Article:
17 August 2009
Previous experience with Flex Builder is helpful but not necessary.
I have already written about the major feature themes for Flash Builder 4 and provided an overview of each of these areas. In this article, I'll highlight five outstanding additions to the product, each of which were direct requests from the community - either via our public bug and enhancement system or via direction feedback when we meet with you at conferences and other events. We build the product for you and these features demonstrate that commitment.
Software development can be tedious. Many applications follow the same coding practices and patterns, and developers frequently spend lots of time on repetitive coding tasks—time that could otherwise be spent implementing more interesting logic. For Flash Builder 4, we targeted a number of these common coding tasks and delivered ways to get them done quickly.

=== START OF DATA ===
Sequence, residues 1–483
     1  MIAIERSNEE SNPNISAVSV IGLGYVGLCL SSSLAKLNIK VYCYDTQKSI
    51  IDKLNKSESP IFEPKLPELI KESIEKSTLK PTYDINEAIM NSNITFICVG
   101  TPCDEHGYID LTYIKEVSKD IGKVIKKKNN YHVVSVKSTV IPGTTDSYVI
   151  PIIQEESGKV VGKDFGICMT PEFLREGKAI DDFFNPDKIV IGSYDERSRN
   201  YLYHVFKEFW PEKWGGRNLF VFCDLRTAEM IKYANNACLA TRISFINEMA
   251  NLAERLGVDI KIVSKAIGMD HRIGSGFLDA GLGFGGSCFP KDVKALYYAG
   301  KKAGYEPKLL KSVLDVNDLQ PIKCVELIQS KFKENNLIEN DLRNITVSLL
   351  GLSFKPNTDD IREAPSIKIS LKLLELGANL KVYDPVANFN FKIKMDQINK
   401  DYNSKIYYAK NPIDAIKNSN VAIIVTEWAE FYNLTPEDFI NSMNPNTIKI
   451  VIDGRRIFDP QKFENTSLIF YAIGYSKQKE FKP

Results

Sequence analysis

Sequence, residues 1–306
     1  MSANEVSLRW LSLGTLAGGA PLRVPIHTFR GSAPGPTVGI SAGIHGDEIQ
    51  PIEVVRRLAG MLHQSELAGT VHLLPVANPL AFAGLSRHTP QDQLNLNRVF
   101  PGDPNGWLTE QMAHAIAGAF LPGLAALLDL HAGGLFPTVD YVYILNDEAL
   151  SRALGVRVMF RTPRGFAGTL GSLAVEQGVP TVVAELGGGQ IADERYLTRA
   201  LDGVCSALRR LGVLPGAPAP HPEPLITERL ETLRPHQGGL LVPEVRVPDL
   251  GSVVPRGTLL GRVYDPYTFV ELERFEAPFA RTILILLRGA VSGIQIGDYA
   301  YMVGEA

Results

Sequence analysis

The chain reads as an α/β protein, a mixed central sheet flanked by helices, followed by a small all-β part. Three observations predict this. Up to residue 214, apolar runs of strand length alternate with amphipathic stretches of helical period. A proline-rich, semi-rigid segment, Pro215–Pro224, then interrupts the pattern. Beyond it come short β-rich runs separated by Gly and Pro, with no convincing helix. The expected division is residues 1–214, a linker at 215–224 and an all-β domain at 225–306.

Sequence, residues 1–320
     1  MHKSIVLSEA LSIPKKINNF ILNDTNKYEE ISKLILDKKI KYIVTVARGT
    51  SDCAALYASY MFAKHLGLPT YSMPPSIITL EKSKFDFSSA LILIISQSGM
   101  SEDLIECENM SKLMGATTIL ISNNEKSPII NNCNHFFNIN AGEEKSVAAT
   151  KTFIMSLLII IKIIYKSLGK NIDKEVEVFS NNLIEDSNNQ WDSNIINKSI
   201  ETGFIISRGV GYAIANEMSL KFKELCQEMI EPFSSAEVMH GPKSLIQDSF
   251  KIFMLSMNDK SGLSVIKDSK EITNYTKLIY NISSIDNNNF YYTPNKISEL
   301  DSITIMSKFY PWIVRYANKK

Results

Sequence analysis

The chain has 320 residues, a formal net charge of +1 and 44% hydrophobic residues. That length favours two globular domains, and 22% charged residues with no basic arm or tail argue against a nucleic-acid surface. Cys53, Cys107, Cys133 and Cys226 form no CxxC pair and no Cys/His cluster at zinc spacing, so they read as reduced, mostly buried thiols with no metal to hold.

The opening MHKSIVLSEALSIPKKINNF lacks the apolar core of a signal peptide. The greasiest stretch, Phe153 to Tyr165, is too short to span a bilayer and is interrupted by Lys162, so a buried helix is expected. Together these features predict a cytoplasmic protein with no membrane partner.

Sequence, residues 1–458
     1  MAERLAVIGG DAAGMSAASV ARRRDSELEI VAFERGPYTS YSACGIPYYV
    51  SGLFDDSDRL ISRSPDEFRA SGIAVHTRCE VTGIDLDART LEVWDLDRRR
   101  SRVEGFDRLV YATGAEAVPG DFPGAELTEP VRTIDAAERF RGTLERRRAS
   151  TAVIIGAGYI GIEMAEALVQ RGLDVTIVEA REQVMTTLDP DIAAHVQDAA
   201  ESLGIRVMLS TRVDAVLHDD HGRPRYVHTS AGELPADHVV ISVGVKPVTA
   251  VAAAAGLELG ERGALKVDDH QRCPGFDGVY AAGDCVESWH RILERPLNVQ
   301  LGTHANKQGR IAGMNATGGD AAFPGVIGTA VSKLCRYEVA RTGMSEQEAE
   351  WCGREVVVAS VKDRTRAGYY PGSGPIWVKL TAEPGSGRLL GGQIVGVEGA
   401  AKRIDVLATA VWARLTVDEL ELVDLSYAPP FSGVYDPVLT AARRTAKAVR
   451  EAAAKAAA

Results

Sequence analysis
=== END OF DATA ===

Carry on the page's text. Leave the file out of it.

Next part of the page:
The task that developers most often asked us to automate was the creation of accessor functions. Developers wanted a way to generate getter and setter methods, which comprise a public interface to access private class members. With Flash Builder 4, you can create these functions by simply placing your cursor on a class variable name and choosing Source > Generate Getter/Setter from either the main menu or the context menu. You can use the Generate Getter/Setter dialog box that opens to configure details about the accessor functions, and there’s even an option to preview the changes that Flash Builder 4 will make to your code (see Figure 1).
Another common developer request is for generating event code. This feature is helpful both for experienced Flex developers looking to spend less time on tedious coding and for beginners unfamiliar with event-based development. For example, developers with a background in procedural web scripting technologies—like PHP or ColdFusion—may have never needed to implement an event listener to handle an event, such as a button being clicked. Flash Builder 4 can automatically generate the event handler functions for a UI object from the Flex Properties view, the context menu for an item in Design view, or with content assist for an item in Code view.